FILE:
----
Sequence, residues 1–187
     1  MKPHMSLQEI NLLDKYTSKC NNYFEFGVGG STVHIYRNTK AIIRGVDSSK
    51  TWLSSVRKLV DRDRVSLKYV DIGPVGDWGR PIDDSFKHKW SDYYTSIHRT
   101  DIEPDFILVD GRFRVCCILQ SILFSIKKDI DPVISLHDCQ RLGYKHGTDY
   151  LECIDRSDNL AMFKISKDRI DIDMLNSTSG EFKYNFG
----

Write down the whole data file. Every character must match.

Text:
Sequence, residues 1–187
     1  MKPHMSLQEI NLLDKYTSKC NNYFEFGVGG STVHIYRNTK AIIRGVDSSK
    51  TWLSSVRKLV DRDRVSLKYV DIGPVGDWGR PIDDSFKHKW SDYYTSIHRT
   101  DIEPDFILVD GRFRVCCILQ SILFSIKKDI DPVISLHDCQ RLGYKHGTDY
   151  LECIDRSDNL AMFKISKDRI DIDMLNSTSG EFKYNFG